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The Buffett Rule and Tax Fairness

The so-called Buffett Rule will come up for a vote in the Senate today and will almost certainly fail. And that’s a good thing because the Buffett Rule is not tax policy, it is demagogy.

President Obama is exploiting the fact that the corporate and personal income taxes have never been properly integrated into a single, coherent tax system, which is a failure of government. Instead, there has been an endless series of ad hoc, jerry-built fixes during the last century to either prevent the exploitation of the two tax systems by taxpayers (such as individuals incorporating themselves to pay lower corporate rates) or to obviate what would be double taxation and thus—pardon the expression—unfair. Often, the fixes caused new opportunities for exploitation or created new unfairness (not to mention new opportunities for demagogy). This generated new fixes, and so on and on ad infinitum. The result is a tax code that is a national disgrace.

So instead of the Buffett Rule, how about a couple of fixes that would eliminate much of the illusory unfairness that the president wants to exploit for his own selfish purposes (i.e. re-election).

1) Dividends are taxed at 15 percent because they are paid out of corporate profits that have already been taxed at the corporate level, at 35 percent. Interest on corporate bonds, however, is a business expense and thus deductible. That’s why interest income at the personal level is taxed at the normal rate. So why not treat interest and dividends alike? Allow corporations to deduct them both as business expenses and tax both of them fully at the personal level. This would not only eliminate the illusory unfairness at a stroke, but it would have the considerable additional virtue of eliminating the bias towards raising capital through borrowing rather than equity. It would also tax dividend income at the same progressive rates that are laid on wages and salaries, rather than at a flat rate. Liberals should love that idea.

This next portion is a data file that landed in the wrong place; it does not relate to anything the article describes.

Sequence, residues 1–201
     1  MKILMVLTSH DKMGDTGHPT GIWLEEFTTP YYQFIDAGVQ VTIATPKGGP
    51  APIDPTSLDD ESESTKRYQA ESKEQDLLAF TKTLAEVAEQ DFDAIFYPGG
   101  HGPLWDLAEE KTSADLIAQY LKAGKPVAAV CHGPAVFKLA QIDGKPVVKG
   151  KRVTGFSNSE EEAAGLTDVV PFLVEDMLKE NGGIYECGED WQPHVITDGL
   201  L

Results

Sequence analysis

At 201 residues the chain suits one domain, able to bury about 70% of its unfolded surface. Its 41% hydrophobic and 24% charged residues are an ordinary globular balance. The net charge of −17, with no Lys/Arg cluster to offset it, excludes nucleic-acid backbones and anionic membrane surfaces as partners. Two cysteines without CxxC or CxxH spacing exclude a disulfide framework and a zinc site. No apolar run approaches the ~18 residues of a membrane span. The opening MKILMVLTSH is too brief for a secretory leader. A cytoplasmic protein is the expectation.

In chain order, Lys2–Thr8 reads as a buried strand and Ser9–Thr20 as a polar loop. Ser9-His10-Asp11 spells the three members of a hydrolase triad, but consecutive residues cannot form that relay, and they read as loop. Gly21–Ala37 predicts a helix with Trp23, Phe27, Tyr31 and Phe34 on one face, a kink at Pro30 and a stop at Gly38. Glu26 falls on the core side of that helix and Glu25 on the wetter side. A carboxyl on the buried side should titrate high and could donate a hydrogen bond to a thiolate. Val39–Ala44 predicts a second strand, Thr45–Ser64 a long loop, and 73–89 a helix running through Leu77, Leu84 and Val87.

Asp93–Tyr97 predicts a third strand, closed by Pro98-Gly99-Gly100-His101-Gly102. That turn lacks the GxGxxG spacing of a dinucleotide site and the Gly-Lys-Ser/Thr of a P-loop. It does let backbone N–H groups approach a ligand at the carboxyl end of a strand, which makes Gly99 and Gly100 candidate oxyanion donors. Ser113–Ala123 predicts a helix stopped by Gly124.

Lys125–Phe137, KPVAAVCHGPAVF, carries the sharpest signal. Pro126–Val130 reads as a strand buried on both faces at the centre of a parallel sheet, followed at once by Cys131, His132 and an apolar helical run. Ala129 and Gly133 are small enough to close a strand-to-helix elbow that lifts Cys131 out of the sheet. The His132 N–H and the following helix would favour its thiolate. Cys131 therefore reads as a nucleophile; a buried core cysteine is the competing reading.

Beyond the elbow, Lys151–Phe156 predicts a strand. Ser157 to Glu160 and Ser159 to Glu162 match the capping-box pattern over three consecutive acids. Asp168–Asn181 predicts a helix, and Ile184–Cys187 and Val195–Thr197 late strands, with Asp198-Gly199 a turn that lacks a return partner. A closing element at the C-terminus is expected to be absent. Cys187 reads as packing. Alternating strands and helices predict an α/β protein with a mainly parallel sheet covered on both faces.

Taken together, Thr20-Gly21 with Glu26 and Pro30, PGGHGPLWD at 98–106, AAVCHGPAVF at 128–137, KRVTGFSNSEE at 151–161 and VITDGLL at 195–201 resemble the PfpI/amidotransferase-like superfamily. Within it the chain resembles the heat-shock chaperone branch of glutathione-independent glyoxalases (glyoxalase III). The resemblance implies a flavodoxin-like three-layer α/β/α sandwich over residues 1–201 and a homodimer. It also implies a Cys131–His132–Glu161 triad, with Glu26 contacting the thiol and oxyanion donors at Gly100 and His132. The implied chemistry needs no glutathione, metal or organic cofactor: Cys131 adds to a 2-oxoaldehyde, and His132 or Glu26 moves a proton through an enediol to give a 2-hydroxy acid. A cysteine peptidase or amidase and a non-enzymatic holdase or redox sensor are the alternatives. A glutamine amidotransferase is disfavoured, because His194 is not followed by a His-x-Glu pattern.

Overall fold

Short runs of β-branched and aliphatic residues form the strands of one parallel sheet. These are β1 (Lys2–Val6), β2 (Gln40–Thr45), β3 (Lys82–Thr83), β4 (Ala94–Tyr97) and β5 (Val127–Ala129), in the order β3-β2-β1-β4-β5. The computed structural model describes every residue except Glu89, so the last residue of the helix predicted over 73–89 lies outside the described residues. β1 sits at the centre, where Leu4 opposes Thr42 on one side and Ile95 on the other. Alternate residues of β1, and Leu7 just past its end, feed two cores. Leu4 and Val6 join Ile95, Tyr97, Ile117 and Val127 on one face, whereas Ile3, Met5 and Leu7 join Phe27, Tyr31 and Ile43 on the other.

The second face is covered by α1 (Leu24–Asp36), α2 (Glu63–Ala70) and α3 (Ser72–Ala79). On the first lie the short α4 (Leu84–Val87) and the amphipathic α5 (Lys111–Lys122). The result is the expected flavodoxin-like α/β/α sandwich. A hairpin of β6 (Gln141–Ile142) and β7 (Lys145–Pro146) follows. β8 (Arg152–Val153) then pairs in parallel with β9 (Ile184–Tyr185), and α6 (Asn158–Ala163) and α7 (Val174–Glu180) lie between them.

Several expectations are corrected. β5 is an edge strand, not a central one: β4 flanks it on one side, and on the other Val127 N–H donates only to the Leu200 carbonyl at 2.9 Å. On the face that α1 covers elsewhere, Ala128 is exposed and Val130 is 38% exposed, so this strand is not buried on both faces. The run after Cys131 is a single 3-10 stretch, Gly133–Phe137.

2) Capital gains also come out of after-tax profits, although indirectly. (The profits not taxed away or paid as dividends increase the book value of the corporation —the value of its liquidated assets minus liabilities—and thus raise the floor price of the stock regardless of market conditions, as a stock seldom sells for below its book value.) This, along with the fact that the money is at risk while invested (which wages and salaries are not) and that capital gains are not adjusted for inflation, is why they, too, are taxed at 15 percent, not the full personal rate.

If capital gains were adjusted for inflation, at least some of the unfairness inherent at taxing them at higher rates would be eliminated. Consider an example. If you inherited $100,000 worth of stock in 1962 and sold it today for $760,000, your capital gains tax on that stock would be $99,000. But your real, inflation-adjusted gain would be zero. The $99,000 would, in fact, not be an income tax on a capital gain but an excise tax, measured in inflation, on the privilege of living in a country whose government has failed to maintain the value of the currency. Talk about unfair!

If President Obama cared about tax fairness, he would seek to actually make the tax code more fair. Instead, he is seeking to be re-elected–nothing more, nothing less.

 



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